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Nov 28th
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The Poems of Patricia Zylius

ae poetrypatzylius1Editor’s note:  In her own words, Patricia Zylius is “an incurable copyeditor, and fortunately, gets paid for it.” In 2012, she published “Dear Sweeties: Tom Cuthbertson on His Dance with Cancer,” by her late ex-husband. Her chapbook, “Once a Vibrant Field” was published in 2013 by Finishing Line Press.


How many times Daddy had bellowed me mute

and cowering as I waited to be spanked.

My sins were so small —

calling Susy stupid, talking back.

So when I sat for the photographer

in my plaid kindergarten dress,

Daddy suggesting angles and poses,

I saw my chance, aimed

my eyes low, and took on

a moody look.

They kept telling me to smile,

but I straightened my back,

ignored their orders.

I kept checking Daddy’s face, watching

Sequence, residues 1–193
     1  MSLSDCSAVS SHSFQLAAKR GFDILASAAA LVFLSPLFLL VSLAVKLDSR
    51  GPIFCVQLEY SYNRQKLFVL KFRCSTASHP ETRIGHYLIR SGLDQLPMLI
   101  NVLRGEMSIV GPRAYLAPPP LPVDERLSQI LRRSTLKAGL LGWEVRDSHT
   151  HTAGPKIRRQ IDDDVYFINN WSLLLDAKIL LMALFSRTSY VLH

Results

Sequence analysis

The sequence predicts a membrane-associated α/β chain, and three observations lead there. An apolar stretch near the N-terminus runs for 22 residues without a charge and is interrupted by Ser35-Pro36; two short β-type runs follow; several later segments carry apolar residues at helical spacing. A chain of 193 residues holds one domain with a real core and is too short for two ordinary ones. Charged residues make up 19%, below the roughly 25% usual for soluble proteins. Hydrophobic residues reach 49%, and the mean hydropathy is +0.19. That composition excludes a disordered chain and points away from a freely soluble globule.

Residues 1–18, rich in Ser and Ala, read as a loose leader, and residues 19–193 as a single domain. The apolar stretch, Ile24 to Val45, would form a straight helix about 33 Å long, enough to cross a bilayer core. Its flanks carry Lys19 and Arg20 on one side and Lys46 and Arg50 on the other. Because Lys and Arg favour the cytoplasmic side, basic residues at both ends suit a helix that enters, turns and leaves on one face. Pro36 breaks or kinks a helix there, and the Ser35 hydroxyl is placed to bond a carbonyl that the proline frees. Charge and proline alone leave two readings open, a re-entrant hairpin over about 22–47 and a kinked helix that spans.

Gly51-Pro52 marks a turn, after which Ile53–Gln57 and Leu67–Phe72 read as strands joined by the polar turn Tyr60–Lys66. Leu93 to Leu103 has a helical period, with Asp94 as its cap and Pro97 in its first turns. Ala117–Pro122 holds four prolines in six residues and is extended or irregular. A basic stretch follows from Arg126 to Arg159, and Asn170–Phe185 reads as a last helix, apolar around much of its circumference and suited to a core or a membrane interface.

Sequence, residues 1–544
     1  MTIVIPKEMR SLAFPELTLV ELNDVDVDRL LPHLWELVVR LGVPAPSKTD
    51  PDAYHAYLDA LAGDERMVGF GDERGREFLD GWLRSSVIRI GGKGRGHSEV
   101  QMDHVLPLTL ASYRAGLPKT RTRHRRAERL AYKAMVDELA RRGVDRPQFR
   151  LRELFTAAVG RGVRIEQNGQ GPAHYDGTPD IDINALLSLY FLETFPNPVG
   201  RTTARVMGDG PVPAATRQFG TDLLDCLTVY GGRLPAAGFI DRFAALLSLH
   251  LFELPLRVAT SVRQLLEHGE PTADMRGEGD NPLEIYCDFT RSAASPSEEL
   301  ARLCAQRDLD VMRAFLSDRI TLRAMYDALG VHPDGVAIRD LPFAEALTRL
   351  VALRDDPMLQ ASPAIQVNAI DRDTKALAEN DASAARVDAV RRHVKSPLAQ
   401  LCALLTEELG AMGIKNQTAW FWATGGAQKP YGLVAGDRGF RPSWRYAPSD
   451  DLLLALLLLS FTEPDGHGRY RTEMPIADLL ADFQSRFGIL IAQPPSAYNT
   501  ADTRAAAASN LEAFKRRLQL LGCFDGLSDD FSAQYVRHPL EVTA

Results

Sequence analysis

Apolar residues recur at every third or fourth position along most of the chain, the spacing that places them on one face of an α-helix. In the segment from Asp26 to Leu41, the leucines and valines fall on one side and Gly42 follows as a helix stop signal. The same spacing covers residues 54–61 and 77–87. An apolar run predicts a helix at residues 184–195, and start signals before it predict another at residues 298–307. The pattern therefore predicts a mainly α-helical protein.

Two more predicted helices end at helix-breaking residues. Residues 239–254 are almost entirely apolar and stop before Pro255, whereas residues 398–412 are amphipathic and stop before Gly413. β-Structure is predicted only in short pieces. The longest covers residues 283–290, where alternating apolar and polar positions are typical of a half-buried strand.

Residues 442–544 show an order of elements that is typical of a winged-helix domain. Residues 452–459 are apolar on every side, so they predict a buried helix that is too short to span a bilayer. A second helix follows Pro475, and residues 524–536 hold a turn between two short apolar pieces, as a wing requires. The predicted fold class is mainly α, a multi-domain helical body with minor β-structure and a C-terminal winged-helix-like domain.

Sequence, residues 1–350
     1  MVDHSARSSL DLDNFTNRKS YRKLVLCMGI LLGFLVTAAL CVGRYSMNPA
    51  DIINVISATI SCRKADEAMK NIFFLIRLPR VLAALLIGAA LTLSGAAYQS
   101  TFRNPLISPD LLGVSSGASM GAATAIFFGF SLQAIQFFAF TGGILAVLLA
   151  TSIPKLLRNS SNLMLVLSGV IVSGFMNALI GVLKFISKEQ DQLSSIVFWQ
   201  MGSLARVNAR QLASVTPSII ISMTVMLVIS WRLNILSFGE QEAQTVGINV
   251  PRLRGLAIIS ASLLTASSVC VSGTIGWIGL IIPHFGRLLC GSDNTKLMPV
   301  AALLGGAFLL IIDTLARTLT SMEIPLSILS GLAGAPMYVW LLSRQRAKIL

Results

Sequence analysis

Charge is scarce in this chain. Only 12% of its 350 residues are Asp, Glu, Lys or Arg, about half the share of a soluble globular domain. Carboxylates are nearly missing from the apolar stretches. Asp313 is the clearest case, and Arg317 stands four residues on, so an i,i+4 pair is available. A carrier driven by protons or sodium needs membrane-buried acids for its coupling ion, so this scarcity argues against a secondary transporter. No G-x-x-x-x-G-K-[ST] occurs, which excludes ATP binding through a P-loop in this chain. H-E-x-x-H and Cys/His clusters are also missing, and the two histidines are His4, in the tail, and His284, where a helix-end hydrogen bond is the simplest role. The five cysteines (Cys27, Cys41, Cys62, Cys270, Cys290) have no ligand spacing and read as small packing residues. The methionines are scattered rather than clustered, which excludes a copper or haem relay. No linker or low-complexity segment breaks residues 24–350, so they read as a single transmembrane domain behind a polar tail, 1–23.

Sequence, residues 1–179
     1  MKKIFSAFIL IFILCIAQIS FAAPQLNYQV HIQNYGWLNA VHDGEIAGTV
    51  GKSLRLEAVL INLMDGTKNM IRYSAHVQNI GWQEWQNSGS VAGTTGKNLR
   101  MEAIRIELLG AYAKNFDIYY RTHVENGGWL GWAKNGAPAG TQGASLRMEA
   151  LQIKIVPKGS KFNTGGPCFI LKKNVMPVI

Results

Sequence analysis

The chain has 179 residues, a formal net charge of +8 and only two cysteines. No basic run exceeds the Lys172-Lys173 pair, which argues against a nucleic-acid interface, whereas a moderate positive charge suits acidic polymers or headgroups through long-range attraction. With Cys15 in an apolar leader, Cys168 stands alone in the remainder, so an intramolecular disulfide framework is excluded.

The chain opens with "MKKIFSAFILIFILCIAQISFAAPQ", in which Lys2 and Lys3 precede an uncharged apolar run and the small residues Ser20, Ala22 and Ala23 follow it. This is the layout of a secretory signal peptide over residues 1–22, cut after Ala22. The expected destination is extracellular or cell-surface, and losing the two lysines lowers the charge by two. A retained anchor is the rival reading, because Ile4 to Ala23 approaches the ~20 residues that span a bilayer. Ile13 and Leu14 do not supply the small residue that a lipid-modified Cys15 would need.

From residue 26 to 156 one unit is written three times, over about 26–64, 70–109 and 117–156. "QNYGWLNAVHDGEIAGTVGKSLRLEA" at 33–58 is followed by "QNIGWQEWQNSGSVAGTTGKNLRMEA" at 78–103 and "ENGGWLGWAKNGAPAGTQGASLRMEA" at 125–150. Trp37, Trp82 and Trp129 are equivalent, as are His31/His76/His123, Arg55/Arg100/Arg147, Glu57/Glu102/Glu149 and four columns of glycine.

as his lips thinned to a hard line,

the red rose up from his neck.

I knew he couldn’t yank the belt

from his pants here in the studio.

Still, I tasted risk, and savored it.


Rehearsing Life

I remember how I used to cook up drama,

my tiny life too tepid for my taste.

When I read Dick and Jane, I turned  “Oh, oh, oh!”

into catastrophe, staggering around the room.

I knew the strap, that belt my father wielded.

But that was just the dull pain

that came with any childhood,

not the tragic novel I was green enough

to want to live.

Was I practicing for what I couldn’t know?

Even if life ever gave you that chance,

would I have wanted to see the script?

Fever that laid the baby limp and whimpering

in his crib, the broken marriage,

dementia that wasted first my father’s brain,

then my mother’s.

That moment I stood over

the skeletal face, the bony length

of my children’s father

laid out in his coffin.



I dream of leaving on a one-way trip

in a long black limo with darkened windows,

lounging behind a driver I can’t see.

The decrepit shack of my body is beyond repair.

Pain dents and gouges the walls,

the pipes are corroding. The wiring’s frayed,

the frame is crumbling around me.

What good is it to rage against the ruin?

When I go, I’ll take no bags. Won’t know or care

where we are heading. Won’t look back.

Someone else will have to deal with the wreckage.

Comments (1)Add Comment
written by Siham Karami, January 25, 2014
I love this poet. Very unique perspective.

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